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Kite Flier

Story Stats

Rating: 5
Grade Level: 3, 4, 5
Page count: 3



Appeared in

Kite Flier

Story Summary

When the Kite Flier's wife dies in childbirth, the Kite Flier stops making kites until he realizes the joy they would bring his infant son. From that day forth kites are what father and son share. Even when the son is grown and moved away, the first windy day of each year they both put a kite up and let is fly away as a symbol of their love for each other.


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by Dennis Haseley
Appears here with the kind permission of the author

My father told me that when he was young he had traveled far from his home. Finally he came to a house on a hill overlooking a village. He learned the trade of stonework, while above him the clouds floated, like silk.

Then he married the beautiful daughter of a farmer and he began to fly kites.

He made kites of paper and wood that looked like crickets and cats, and a heron kite made of white silk. He flew them while my mother watched. Then, like a fisherman, he reeled them in, and while she laughed, he showed her what he’d caught. The children of the village watched our house on the hill and the kites flying overhead, and they said, “Kite Flier is a wizard and can fly anything, even the stones he sets during the day.” He laughed when he heard this. He knew it was his heart that was flying.

After they were married for a time my mother gave birth to me and became sick and died. And then Kite Flier made no kites.

But one day a scrap of silk from an old heron kite caught in the wind and flew over my cradle. My father heard me laugh. So he started making kites for me. “Watch,” he said, as I lay on a blanket. And beneath a crescent moon my father flew a kite that looked like the crescent moon. “And there!” he shouted, and in a field of flowers he flew a kite like a blowing flower that I chased with my first steps.

When the children in the village saw the shapes flying, they came to our door and said, “Kite Flier, sell us your kites.” He only shook his head and smiled.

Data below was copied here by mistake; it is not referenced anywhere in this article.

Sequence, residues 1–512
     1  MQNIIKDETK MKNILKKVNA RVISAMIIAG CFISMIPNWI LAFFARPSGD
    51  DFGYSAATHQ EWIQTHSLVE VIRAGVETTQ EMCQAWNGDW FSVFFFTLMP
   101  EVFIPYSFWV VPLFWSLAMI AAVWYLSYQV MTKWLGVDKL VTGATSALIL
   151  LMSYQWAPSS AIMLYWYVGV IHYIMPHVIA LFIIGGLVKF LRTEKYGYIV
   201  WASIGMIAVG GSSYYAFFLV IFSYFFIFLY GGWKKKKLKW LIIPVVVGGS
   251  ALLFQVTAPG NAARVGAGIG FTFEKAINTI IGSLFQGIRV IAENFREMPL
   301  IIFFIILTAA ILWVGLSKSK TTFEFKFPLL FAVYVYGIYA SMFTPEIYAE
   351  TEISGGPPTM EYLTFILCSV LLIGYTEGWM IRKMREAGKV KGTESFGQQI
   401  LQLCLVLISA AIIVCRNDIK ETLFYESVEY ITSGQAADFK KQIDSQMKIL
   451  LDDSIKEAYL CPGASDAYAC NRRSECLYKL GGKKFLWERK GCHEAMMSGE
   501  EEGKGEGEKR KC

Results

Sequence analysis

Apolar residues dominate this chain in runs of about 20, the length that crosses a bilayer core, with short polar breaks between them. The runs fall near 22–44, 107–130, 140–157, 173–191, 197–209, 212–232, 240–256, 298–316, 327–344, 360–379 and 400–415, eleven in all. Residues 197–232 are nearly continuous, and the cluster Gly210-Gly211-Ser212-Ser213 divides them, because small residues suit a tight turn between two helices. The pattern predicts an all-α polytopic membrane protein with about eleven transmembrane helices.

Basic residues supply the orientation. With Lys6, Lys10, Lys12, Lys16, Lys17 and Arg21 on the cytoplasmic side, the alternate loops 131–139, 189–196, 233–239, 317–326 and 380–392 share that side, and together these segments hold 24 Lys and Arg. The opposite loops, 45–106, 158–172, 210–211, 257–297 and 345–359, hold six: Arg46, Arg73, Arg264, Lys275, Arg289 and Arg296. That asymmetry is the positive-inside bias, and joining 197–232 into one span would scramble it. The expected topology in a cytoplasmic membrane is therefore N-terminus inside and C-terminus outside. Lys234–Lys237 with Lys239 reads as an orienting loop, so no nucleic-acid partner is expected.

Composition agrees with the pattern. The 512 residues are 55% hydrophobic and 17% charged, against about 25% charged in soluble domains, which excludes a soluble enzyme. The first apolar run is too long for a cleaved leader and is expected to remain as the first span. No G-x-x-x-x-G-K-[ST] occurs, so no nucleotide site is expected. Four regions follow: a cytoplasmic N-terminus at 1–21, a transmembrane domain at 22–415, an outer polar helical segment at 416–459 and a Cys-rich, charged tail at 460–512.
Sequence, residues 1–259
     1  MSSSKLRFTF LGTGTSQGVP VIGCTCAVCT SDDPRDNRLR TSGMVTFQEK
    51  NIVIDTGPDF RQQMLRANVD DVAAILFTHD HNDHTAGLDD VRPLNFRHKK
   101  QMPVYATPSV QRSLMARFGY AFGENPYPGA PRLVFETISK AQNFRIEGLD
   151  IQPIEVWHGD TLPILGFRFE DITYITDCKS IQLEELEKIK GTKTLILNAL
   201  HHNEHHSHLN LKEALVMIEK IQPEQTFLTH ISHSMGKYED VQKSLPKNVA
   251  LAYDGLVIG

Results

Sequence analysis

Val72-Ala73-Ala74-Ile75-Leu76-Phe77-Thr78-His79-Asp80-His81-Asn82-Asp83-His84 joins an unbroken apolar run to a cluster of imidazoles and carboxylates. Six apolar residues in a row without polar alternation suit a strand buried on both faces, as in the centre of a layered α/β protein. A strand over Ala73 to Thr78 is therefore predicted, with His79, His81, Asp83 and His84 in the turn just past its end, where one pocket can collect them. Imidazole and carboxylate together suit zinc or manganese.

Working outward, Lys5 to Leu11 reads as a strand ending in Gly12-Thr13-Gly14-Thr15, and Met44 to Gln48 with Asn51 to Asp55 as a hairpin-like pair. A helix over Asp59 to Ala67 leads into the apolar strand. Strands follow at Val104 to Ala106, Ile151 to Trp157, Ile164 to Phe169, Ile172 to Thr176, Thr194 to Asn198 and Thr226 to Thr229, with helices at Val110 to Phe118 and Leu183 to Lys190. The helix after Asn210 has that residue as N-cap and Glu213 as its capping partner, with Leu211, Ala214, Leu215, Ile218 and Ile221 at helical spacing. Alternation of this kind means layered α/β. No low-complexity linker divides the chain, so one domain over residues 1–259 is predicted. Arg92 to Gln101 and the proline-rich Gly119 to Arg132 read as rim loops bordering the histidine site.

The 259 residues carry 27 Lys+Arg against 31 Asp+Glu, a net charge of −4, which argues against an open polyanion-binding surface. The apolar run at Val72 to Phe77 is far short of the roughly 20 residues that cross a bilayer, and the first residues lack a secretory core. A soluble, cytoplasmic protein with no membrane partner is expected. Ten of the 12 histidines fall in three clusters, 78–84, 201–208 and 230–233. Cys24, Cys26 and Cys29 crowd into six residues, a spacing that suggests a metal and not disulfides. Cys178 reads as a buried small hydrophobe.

As I grew older my father flew other kites. The day I learned to swim he launched the paper body of a fish with my proud head on it, and I laughed to see it skim and dive. When I fell from a tree and twisted my leg, he carried me home and sat with me all night. In the sky above us flew the gentle face of a woman. And the day I killed a rabbit with a stone, he angrily sent me back to our house, and later I saw him fly a kite that flashed like lightning in the sky.

Like a fisherman who never lost a catch, he reeled in each kite and saved it. Later he taught me to build one. It was small and square and when I ran with it, it kicked like a puppy before it rose.

I grew taller and stronger and played in the village with the other boys, who were no longer interested in kites. As I spent less time with my father, he dreamed up kites I would love, kites of jackknives and dragons and masks, kites that skipped across the sky as I ran, and two fighter kites, one that always chased the other.

One day, my father launched a silver kite that rose and rose, and I closed my eyes and pretended I was soaring. I could see so far, and he was so small on the ground beneath me. Filled with faraway thoughts, I sat and gazed at the road or drew with a stick in the dirt. My father flew kites of blue and purple streamers that circled over me, and I would look at them sometimes, so pale they were almost invisible.

Finally, there came a day when all the kites my father flew could not make me smile or speak, so faraway were my thoughts. And I came to my father and said that I was now a young man and wished to go and see the world away from my home.

“No, you must stay,” said my father in a voice as heavy as a rock. I could see the colors of the kites behind him start to run, but I said, “I am sorry, I must travel now as you did when you were a young man.”

That night, my father and I set to work. We gathered those kites he had built for my mother and for me, cricket kites, kites like moons, like ships and cats, and for days and days he worked, carefully sewing the silk, gluing the bright paper, while I held and bent the thin wood. He worked with all his craft and I with all my strength until we built a huge kite.

On a windy morning, he carried it from our house and I walked behind, watching as he bent beneath a magnificent kite in the shape of a bird. It was streaked with the colors of sky and stone, and its wings, when they caught the morning sun, glowed with the colors of flames. As I helped him lift it into the wind, those wings fanned wide, and its tail of silk streamed out like clouds. We watched that wild bird rise above us, and when I caught a glimpse of its face, it looked like a human face with eyes faraway like stars.

Together, we held tightly to the line as the bird dove and tossed. We held on as it tugged in the morning wind and then, watching as it soared in the clear air, first I and then he let the string go. As the kite disappeared into the sky, my father gave a cry.

Then I walked down the hill to the road. And he turned and walked toward the village. I have not seen my father in a long time. But I know that always on the first strong wind of the year each of us climbs a hill and sets a kite free.

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